I don’t drink too often, but I usually drink spirits when I do. Teeling Distillery is a little bit more up my alley, as amazing as the Guinness Storehouse is. The tour of the distillery, including a tasting, lasts around an hour.

A self-guided tour of the Guinness Storehouse, including a visit to the Gravity Bar, starts at €22.00. Teeling’s distillery tours start at €17.00, depending on what you would like to drink while you’re there. Available times do vary so I would highly recommend booking either in advance.

Learn More: Guinness Storehouse (Official Website) | Teeling Distillery (Official Website)

6. Unleash your inner bookworm in The Old Library.

Full of historic books and beautiful bindings, The Old Library of Trinity College Dublin is a haven for bookworms. Here, books are found on floor-to-ceiling wooden shelves, many of which you get to climb a sliding ladder to reach.

One of the most important books here would have to be the 9th century Book of Kells. This storied book contains the four Gospels of the New Testament and is believed to have been produced in a monastery on Iona, just off of the Scottish coast. Exhibitions in The Old Library change with the seasons, all highlighting different aspects of Irish literary traditions.

Entry to the Book of Kells costs €18.00 for a standard ticket and online booking is currently required. Free audio tours are available and can be accessed with many mobile devices using the Visit Trinity mobile application. Opening hours are 9:30 – 17:00 Monday – Saturday, but can vary on Sundays depending on the time of year.

Learn More: The Old Library (Official Website)

7. Learn about whiskey in the Irish Whiskey Museum.

Ready to learn a little bit about the history of whiskey? The Irish Whiskey Museum is a great place to learn, taste and have fun. This museum is completely independent of any specific brands, meaning that there are plenty of options available.

One of my favourite things about this museum is the sheer number of varieties of Irish whiskey. You’re not confined to one type as you are with some distillery tours. The tour is theatrical, with some serious points and some hilarious ones, as well as a lot of information about the distillation process itself.

The Classic Tour lasts for an hour and costs €20 per adult. But, there are lots of different tours available, all of which should be booked in advance. There’s a Whiskey Blending Experience for €30 per adult, a Whiskey and Brunch Experience for €28 per adult and the option of a private tour available.

Learn More: Irish Whiskey Museum (Official Website)

8. If you like religious architecture, try St. Stephen’s Cathedral.

If you’re interested in religious architecture, you might want to stop by St. Stephen’s Cathedral during your time in Dublin. It’s a beautiful building, complete with charming stained glass windows and colourful tiled floors.

One unique thing about St. Stephen’s Cathedral is the concerts that take place in the grounds. At the time of writing, we’re approaching John Williams 90th Birthday Concert on the 9th February 2022, complete with music from many famous films.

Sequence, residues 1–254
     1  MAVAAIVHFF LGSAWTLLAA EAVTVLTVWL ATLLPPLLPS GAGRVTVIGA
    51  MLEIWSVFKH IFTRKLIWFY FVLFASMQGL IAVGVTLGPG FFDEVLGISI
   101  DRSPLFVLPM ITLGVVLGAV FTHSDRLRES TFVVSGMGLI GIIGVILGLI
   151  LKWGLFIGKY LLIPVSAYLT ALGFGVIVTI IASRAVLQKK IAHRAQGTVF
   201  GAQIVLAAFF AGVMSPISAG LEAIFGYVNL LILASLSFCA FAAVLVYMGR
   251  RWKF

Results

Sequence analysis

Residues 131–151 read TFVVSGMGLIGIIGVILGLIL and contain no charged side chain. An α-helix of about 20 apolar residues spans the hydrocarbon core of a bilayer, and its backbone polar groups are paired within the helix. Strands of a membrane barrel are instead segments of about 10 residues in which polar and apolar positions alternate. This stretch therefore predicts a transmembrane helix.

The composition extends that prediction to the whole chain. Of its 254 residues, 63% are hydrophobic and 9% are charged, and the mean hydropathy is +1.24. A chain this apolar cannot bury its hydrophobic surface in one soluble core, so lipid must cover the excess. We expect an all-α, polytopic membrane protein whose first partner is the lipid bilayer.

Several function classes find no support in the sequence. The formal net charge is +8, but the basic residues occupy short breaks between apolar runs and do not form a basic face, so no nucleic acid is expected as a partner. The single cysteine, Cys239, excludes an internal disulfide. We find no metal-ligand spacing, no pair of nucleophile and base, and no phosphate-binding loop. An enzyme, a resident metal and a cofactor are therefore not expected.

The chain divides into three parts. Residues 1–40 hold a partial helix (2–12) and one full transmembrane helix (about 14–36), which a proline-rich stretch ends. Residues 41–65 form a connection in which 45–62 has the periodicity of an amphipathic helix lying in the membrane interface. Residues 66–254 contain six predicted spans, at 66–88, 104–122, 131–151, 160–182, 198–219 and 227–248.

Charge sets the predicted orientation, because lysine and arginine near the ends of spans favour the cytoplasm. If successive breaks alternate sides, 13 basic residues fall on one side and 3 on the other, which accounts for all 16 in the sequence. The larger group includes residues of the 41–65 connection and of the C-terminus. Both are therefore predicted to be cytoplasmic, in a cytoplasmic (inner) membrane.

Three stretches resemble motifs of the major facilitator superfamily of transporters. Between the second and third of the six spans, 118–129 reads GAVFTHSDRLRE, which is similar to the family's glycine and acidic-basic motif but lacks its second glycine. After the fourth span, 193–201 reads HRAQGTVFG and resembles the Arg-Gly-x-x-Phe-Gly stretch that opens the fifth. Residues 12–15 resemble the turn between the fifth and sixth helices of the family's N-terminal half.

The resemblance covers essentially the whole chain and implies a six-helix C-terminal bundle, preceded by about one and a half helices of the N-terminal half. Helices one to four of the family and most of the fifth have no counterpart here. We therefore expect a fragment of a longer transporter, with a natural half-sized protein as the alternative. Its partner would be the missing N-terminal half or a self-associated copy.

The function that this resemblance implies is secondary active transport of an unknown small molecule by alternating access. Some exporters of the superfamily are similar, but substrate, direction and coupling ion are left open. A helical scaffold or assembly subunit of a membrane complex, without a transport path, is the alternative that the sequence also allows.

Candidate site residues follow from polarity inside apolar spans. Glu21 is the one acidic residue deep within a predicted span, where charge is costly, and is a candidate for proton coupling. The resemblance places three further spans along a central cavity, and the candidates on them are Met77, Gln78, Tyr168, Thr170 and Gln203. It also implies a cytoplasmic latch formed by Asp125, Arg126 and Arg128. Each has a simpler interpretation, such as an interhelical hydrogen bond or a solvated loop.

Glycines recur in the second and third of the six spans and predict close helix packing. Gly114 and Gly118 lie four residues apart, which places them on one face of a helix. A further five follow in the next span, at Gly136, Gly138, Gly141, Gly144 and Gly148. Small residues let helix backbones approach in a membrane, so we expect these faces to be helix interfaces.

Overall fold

St. Stephen’s Cathedral is open throughout the year, with a few special closures. I would highly recommend checking the website in advance for exact times. Free guided tours take place regularly throughout the day, but entry itself costs €8.00 per adult.

Learn More: St. Stephen’s Cathedral (Official Website)

9. Journey through seven centuries of history at Dublin Castle.

While exploring Dublin, I would highly recommend stopping by Dublin Castle to learn more about the history of the city and the wider country. This 13th-century castle was erected on the site of a Viking settlement. Today, it stands as both a government complex and a major tourist attraction.

The collection at Dublin Castle consists primarily of fine and decorative arts, many of which were gathered before 1922. You can find paintings, sculptures, glassware and more, with many ranging from the 17th century to the present day.

Dublin Castle is open daily. Self-guided tickets cost €8.00 per adult and guided tours are available, but availability is currently limited with the pandemic. It’s worth checking the website when you plan on travelling to see if guided tours are readily available.

Learn More: Dublin Castle (Official Website)

10. Discover some of the greatest storytellers in the Museum of Literature.

A perfect hideaway for people who love literature and storytelling, the Museum of Literature traces the roots of Ireland’s illustrious literary heritage. This museum is just a short walk away from St. Stephen’s Green.

Exhibitions here change relatively frequently, with many featuring prominent Irish literary figures, their journeys and their inspirations. A permanent exhibit featuring James Joyce’s copy of Ulysses is the museum’s gem. I would highly recommend visiting the gardens behind the building if you do venture here, they’re rather lovely.

Tickets to visit the Museum of Literature cost €10.00 for adults and €8.00 for children. The museum is open 10:30 – 18:00 Tuesday – Sunday and on bank holiday Mondays, but I would recommend checking the time for those. Last entry to the museum is at 17:00.

Learn More: Museum of Literature (Official Website)

Enjoy Finding the Best Things to Do in Dublin

Hopefully my choices for the best things to do in Dublin have helped to fill you with ideas and inspiration. It’s a quintessentially charming city, where adventures are just waiting to be had. You can spend the afternoon in a storied distillery, learn a little about Ireland’s history and find a slice of inspiration.

Do you have any favourite things to do in Dublin? I would love to hear about them in the comments below.